What on earth is mycology?
Horror stories about law firm working hours are all the rage, so it’s easy to assume that once you start your training contract or pupillage you’ll barely have enough time to sleep, let alone keep up your extra-curricula hobbies.
But fear not. Legal Cheek has tracked down 10 lawyers, all of whom have managed to keep on top of their weird and wonderful hobbies while leading successful legal careers.
1. Marcus Rutherford
Partner at Enyo Law
Mycology, unbeknownst to most, is the scientific study of fungi. While Legal Cheek imagines looking at mushrooms for an extended period of time would send most people to sleep, Marcus Rutherford has long been a fan. Though we’re sure he’s spent a lot of time doing important ‘partner stuff’ at three different law firms — including commercial giant Reed Smith — Rutherford still enjoys searching for mushrooms at the weekend. Interestingly, he’s also an illustrator, and enjoys drawing the mushrooms he finds.
2. Olivia Potts
Junior barrister at 5 Paper Buildings
Criminal law specialist Olivia Potts rightly describes herself as a “barrister by day, baker by night”. Having studied at both Cambridge and City University, Potts has forged a career in the hard-hitting world of criminal advocacy. In her spare time, however, Potts is crazy about baking, and documents her creations and recipes on her personal blog. In the future, maybe Potts could take a leaf out of freelance solicitor Kay Ma’s book — she juggles a successful cake-making business with her demanding legal career.
3. Bill Braithwaite QC
Barrister at Exchange Chambers
Hobby: motor racing
Brain damage guru Bill Braithwaite QC is a self-confessed “wheel freak”. The Liverpool University graduate, whose specialises in personal injury law, has been big into motor racing since he turned 48. He’s a member of the Historic Sports Car Club and travels the country racing cars. Though he admits he doesn’t have too impressive a track record when it comes to winning races, he thinks there’s “no better feeling than sitting on the grid on the start line, waiting for the lights to go out and signal that the race is on”.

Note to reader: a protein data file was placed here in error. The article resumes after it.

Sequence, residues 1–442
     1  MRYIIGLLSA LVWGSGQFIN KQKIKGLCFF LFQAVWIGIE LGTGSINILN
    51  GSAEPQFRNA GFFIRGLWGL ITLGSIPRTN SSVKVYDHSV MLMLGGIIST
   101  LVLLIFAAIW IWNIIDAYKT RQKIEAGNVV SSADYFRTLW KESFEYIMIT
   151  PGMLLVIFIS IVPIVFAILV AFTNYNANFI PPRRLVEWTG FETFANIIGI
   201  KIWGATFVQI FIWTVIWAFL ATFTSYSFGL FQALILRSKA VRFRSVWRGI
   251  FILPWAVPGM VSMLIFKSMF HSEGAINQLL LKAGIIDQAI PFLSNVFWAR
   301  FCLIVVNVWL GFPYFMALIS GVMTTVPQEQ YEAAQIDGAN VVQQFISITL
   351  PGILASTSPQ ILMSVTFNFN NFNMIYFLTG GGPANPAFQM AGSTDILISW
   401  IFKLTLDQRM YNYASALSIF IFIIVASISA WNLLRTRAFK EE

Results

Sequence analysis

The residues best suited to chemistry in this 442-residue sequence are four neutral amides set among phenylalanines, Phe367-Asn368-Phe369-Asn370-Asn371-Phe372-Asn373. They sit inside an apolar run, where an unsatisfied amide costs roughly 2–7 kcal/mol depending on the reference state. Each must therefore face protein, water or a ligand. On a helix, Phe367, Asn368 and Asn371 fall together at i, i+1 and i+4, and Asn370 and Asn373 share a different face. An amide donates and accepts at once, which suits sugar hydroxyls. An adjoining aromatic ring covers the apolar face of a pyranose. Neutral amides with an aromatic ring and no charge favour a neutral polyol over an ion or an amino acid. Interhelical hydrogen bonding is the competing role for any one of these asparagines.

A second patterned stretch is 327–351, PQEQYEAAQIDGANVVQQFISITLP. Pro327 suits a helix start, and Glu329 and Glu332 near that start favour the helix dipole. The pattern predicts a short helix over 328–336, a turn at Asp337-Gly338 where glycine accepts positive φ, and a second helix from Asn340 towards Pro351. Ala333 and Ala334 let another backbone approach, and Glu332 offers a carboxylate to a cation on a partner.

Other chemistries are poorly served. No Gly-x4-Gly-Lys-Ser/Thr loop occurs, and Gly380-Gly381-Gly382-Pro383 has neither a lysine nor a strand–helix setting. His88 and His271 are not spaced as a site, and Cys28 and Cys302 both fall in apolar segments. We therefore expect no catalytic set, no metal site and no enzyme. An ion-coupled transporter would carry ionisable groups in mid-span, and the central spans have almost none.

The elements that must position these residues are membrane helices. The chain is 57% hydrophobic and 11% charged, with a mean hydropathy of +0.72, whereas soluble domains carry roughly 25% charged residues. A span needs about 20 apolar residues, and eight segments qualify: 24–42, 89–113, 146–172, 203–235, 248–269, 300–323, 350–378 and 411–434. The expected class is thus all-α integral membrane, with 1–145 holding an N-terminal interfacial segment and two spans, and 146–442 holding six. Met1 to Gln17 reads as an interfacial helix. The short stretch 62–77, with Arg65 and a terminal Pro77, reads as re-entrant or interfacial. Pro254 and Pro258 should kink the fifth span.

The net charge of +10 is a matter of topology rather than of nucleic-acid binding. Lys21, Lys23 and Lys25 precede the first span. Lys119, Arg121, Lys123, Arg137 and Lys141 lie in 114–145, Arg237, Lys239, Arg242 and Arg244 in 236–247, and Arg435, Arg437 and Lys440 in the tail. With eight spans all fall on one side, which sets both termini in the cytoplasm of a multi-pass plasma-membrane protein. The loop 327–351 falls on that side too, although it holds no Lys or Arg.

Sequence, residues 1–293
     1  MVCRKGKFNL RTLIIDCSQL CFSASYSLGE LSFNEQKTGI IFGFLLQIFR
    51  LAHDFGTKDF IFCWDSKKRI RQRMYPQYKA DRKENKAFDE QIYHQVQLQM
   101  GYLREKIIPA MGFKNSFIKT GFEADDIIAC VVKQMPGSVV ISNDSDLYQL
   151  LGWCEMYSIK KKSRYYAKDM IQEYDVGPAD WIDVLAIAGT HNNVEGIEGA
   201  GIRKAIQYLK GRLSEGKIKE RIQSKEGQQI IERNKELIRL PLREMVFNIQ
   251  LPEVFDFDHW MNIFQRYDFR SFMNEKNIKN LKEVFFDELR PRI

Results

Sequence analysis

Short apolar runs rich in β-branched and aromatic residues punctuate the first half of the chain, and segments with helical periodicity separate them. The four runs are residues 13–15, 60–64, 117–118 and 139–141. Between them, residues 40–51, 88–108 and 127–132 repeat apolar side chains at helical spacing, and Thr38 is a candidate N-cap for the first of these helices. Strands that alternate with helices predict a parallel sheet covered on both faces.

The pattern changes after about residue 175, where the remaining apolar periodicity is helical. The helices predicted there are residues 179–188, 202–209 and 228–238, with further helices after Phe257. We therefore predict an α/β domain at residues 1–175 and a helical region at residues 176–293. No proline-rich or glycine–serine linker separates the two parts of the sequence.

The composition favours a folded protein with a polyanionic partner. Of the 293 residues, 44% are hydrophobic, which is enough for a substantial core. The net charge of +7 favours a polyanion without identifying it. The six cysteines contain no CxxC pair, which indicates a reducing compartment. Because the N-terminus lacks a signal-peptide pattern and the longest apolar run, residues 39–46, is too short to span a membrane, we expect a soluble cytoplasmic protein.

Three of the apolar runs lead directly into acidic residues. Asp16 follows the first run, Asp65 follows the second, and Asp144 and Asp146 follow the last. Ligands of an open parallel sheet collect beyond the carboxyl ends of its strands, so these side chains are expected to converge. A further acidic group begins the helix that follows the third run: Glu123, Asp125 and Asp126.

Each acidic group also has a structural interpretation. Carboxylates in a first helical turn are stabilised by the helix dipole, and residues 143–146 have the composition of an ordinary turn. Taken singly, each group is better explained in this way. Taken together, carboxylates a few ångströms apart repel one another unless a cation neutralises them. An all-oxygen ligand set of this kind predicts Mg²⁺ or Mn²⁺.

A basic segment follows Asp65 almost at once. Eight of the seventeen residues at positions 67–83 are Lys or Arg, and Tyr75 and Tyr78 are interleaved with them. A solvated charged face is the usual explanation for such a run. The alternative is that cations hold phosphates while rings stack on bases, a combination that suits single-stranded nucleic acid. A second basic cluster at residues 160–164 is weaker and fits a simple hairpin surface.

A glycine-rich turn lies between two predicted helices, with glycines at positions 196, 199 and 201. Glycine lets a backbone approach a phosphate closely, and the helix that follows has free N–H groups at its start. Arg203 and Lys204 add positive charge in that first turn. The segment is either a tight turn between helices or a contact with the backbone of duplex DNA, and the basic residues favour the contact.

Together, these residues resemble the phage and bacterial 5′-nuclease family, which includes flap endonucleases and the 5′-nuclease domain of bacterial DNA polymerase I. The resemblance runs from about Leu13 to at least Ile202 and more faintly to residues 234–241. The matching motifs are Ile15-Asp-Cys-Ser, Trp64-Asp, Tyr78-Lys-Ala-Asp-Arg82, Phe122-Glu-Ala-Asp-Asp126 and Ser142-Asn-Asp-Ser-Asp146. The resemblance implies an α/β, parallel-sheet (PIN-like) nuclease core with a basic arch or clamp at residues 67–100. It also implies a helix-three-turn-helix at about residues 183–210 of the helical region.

4. Paul Beckett
Senior counsel at MannBenham Advocates
Hobby: tattoo art
Professor Green once asked his devoted Twitter following whether you can be a lawyer if you have tattoos, and Paul Beckett is living proof that you can. The Oxford grad is, according to 2012 Legal Cheek, “the most tattooed lawyer in the British Isles”, and is covered pretty much head to toe in ink. His Japanese style inkings — which include a dragon and a samurai — aren’t the only thing that makes Beckett stand out from the rest of the legal crowd. He’s also a qualified masseur, an art collector, an occasional film extra, and a former boxer.
5. Martin Porter QC
Barrister at 2 Temple Gardens
Though it’s hardly a weird hobby, Legal Cheek thought Martin Porter QC deserved a mention on our list because of how cycling-mad the Cambridge educated silk is. For most, cycling is just a mode of transport, but for the personal injury specialist, it’s a way of life. Not only does he have a blog dedicated to cycling, he also hit the headlines earlier this year when he brought the UK’s first ever private prosecution for dangerous driving after Porter and his trusty bike had a bit of a run-in with a speeding car. Though the defendant was acquitted, you’ve got to admire Porter’s resilience.
6. Alex Marzec
Barrister at 5RB
Hobby: inline skating
Who says you can’t be well-respected libel barrister and a keen inline skater? Alex Marzec is doing just that. Some onlookers think it’s an immature hobby, but Marzec isn’t bothered. The University of Warwick graduate is part of a skating community in London, and though she doesn’t claim to be a pro when it comes to tricky skills and moves, she does say:
When you get it right, the sensation is like flying.
7. Chris Walters
Senior pro bono counsel at Reed Smith
It’s a hobby that appeals to more than a few of us — and Chris Walters is absolutely potty about bird-watching. His interest was sparked when a biology teacher took Walters and his classmates on a school trip, though he admits he didn’t meet any like-minded people at university and his hobby took a bit of a dip during that time. Come 1978, Walters — who is firm-wide senior pro bono counsel at Reed Smith — was back bird-watching, and has been devoted to his passion ever since.
8. Alex Wade
Freelance media lawyer
Alex Wade is a former Carter-Ruck lawyer, who spends most of his time writing for and lawyering for national newspapers. But that’s not all he’s been up to in his lively career. Wade travels extensively, is a keen poker player, and absolutely loves to skateboard and surf. He’s written two whole books about what the Hawaiians call “the sport of Kings”, and blogs regularly about surfing — and other things — on his blog Surf Nation.
9. Simon Allen
Head of personal injury at Russell Jones & Walker
Lawyers, stereotypically, are rubbish at two things: maths, and art. But not Simon Allen, who has been head of personal injury at Russell Jones & Walker for 27 years. At work, he specialises in mesothelioma claims, accidents at work, post-traumatic stress cases and amputation claims, but in his spare time he’s a skilled photographer. He particularly enjoys photographing New York, though as you’ll see from his website, he’s also been snapping away in Berlin, Rome and Tokyo, to name a few.
10. James Greig
Partner at Blake Morgan
Hobby: Bible tours
James Greig: University of Cambridge educated, partner at Blake Morgan, and keen conductor of Bible-themed tours. The deeply religious property lawyer has been running tours for about 20 years, in famous locations across the capital like the British Museum and the British Library, but also in Oxford. And they’ve proved very popular: Greig explained:
There’s a great deal of interest in the connections between archaeology and manuscripts and what the Bible says.